SUMMARY: In which Enjolras needs Grantaire's help, and Grantaire is unwillingly sober. Set at the end of the July Revolution of 1830.

CANON: musical/book fusion

PAIRING: unrequited Grantaire/Enjolras

RATING: T

NOTES: Note that in this story Enjolras is a trans man; I would appreciate it if anyone reviewing refrained from calling him a woman in reviews, as I and a lot of other people with more personal reasons to do so find misgendering upsetting.

Many, many thanks to skygiants, feverbeats, and Piscaria for betaing, and Sineala for translation help. Any remaining historical errors or fail in writing about a transgender character are mine, and I would like to know about them so I might fix them.


With Faith Unfearful

It was hot in July of 1830, hot and dry as an oven, so that Grantaire could scarcely bring himself to do anything but sprawl across his bed in his shirtsleeves, with all the windows of his apartment open for the meager breeze. The nights had been eerily quiet since the barricades went up, and dark from the smashed streetlamps. During the day Grantaire could hear the periodic sound of breaking glass, or distant gunfire—although those had mostly ceased earlier that afternoon. But that was in other parts of the city, and it did not concern him. What difference did it make if they managed to overthrow le Bien-Aimé? There would only be another after him. It was all the same.

He wished the infernal heat would break.

"Grantaire!" The shout from the street was a familiar voice, a voice he always listened to even when he feigned disinterest; but it was impossible, surely a hallucination brought on by the heat. "Grantaire, are you drunk already? Let me in!"

It was perhaps a minor miracle that he was not drunk, but he had finished the last of his brandy the day before, and valued his skin too much to venture out into the streets until the bourgeoisie and the Swiss Guard had quite finished shooting at each other.

So at least he knew, when he opened the door, that Enjolras was not a figment of drink, either, although he looked like a revenant, beautiful and terrible and white as a Roman marble. He had lost his coat somewhere. He must have come from the barricades, for the left shoulder of his shirt was scarlet with blood, and there was blood matting the golden curls at his temple and dried down his cheek. "I need your help," he said, as if it was a perfectly ordinary thing to say, and not something Grantaire had never thought to hear.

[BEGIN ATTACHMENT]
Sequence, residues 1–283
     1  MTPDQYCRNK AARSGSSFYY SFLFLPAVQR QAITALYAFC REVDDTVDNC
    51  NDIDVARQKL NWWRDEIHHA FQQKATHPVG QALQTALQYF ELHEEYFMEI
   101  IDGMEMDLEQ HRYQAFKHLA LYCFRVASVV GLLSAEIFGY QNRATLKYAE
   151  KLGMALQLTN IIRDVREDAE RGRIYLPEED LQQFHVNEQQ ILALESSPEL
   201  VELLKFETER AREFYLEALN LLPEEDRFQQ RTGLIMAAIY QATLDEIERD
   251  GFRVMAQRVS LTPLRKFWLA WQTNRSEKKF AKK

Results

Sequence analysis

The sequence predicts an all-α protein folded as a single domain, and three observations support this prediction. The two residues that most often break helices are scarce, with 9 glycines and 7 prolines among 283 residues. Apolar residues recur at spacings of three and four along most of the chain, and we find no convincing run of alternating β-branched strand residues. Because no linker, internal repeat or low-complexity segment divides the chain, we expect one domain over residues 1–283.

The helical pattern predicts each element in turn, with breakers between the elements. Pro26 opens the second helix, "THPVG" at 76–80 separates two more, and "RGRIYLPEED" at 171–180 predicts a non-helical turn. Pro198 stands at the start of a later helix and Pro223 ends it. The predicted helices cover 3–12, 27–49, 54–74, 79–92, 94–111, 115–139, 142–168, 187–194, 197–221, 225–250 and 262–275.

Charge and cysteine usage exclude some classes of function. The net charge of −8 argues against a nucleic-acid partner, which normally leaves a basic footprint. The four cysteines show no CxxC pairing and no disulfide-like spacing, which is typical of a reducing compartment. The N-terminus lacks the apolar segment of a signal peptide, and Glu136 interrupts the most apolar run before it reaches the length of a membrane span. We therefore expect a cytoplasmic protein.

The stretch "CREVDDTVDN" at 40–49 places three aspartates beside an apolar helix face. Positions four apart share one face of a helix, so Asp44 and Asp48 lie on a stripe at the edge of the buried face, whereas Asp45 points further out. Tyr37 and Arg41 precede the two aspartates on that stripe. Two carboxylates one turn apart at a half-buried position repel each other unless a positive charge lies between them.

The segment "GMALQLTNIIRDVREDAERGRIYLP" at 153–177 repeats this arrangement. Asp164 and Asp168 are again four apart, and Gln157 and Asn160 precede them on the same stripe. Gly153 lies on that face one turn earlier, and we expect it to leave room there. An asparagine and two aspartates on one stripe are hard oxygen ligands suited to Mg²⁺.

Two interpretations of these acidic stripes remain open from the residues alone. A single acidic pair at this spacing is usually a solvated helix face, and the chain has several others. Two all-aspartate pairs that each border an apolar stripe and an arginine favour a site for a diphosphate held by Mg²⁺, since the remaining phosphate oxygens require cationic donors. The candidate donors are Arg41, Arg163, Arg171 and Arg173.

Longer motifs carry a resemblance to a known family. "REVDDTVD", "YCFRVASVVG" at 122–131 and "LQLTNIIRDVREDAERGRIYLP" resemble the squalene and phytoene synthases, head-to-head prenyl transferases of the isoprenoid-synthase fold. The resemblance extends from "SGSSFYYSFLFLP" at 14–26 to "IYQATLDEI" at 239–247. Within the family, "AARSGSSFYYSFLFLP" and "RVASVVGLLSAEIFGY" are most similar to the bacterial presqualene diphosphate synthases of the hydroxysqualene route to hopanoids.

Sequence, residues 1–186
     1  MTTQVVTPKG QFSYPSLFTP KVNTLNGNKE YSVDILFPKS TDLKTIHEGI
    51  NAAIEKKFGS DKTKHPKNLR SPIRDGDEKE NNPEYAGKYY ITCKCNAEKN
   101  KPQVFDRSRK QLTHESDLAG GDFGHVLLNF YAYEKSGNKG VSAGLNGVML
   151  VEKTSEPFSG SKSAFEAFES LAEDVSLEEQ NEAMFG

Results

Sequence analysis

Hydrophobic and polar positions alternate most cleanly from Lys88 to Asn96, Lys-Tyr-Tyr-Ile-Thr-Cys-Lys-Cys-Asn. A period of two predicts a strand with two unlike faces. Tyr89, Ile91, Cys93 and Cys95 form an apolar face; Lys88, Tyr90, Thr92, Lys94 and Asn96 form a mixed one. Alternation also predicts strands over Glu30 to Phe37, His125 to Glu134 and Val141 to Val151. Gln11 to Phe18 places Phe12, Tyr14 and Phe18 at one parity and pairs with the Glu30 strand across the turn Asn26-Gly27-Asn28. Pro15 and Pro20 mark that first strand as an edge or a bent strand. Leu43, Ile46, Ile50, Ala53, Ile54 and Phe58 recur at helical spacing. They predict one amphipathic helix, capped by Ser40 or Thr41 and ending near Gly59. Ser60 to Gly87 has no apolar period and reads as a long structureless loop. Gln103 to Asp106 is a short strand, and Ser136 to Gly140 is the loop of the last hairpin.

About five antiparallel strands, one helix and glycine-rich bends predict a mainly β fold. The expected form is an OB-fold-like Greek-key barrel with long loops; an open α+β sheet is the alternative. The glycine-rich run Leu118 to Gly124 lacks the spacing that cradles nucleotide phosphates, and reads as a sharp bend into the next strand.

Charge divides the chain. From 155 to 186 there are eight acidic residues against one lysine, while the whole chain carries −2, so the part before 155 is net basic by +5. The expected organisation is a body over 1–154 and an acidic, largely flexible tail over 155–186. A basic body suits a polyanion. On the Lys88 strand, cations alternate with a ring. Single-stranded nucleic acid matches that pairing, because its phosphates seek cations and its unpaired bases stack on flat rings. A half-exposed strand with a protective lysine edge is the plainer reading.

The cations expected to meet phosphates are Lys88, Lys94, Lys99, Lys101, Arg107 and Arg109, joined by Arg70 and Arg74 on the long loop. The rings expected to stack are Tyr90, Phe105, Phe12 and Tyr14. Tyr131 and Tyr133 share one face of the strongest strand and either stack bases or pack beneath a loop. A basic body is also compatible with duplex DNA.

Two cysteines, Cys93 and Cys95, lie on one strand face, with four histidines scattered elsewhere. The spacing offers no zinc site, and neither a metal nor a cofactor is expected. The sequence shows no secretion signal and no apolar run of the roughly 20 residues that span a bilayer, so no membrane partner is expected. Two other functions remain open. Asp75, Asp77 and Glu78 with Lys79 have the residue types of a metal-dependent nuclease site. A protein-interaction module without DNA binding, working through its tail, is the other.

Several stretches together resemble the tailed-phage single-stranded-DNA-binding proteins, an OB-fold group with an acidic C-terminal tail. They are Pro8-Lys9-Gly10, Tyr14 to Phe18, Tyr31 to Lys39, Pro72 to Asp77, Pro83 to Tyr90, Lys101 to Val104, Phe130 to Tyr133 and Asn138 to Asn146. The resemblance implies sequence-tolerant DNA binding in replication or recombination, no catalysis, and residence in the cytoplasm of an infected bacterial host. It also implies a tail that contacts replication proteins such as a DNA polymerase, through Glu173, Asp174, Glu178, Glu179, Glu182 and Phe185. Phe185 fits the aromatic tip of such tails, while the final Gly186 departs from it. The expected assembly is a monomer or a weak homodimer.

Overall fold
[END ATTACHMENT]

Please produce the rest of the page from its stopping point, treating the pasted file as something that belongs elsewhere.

It was a lot of blood, and the sight made Grantaire's gut churn unpleasantly and his head spin. But it could not be so bad, if Enjolras had walked here from the barricades. "I will fetch a doctor. Or look for Joly—" But for all he knew Joly was still at the barricades—

"No!" Enjolras had placed himself between Grantaire and the door, hands flung out as if he could stop him from going out, even though he was swaying alarmingly. "No," he said, with less of sharpness in his voice, "It must be you. I trust you."

A feeling of warmth blossomed in Grantaire's chest, all-encompassing and brilliant; perhaps this was how other men felt all the time, men who believed—and then it turned to cold stone in an instant when Enjolras continued, almost in a whisper, "It does not matter if you believe in me."

"I am no surgeon," said Grantaire, trying not to sound as bitter as he felt as he helped Enjolras sit down at the table.

"It will be fine. You'll need water, and something for bandages." Enjolras was using the firm, thrilling voice he used with his friends, the one that could convince a man that he was capable of what he had thought himself incapable a moment before. It had never worked on Grantaire before.

Grantaire found a basin and an old shirt that would do for rags, feeling unsteady in his sobriety and wishing for the brandy to steady his nerves. What if Enjolras' wound needed stitching? The woman who came in to clean and mend his clothing once a week might have left a needle and thread, but Grantaire had only the vaguest idea of how to use them. And the thought of having to draw a needle through Enjolras' flesh made him feel sick and faint.

"Just cut it off," said Enjolras, when Grantaire plucked gingerly at the blood-sodden sleeve. He then pressed his lips tightly together, until they began to pale, and squeezed his eyes shut.

The shirt fell away in tatters to the floor beneath the shear-blades, except where the fabric still clung to one arm and across his collarbone, sickeningly wet and crimson. Underneath, Enjolras' chest was bandaged all about with mostly clean white linen, a little blood-spotted near his left shoulder and damp with sweat under the arms and down the middle of his chest—his chest—

Grantaire blinked, frozen with the shears in one hand and the other still resting lightly on Enjolras' shoulder, staring at the narrow waist, the flare of hip, that he had never noticed before.

And because Grantaire was who he was, the first thing that came to mind slipped out: "Well, that does explain how you always achieve such a fashionable figure."

Enjolras' eyes flew open, very wide and blue. "Grantaire—"

"It doesn't matter." It did not, in the slightest. Enjolras was still Enjolras. Looking at him was always a terrible mixture of the sublime and the agonizing. Or her? Grantaire could not see a woman in Enjolras' stern looks or masculine carriage, curve of waist or no. "Let me finish. How did it happen?"

Grantaire peeled off the remainder of the shirt, as carefully as he could, but his hands were shaking, and he cringed a little inside every time the cloth stuck to the wound and Enjolras winced. There was a great deal of blood, and he had to swallow back a little bile and close his eyes for a moment until his stomach settled every so often.

Enjolras hissed a little through his teeth as the last of the shirt came away. "A bayonet," Enjolras said. "I did not think it so bad, at first, but once the fighting had died down—I did not think I could bandage it myself."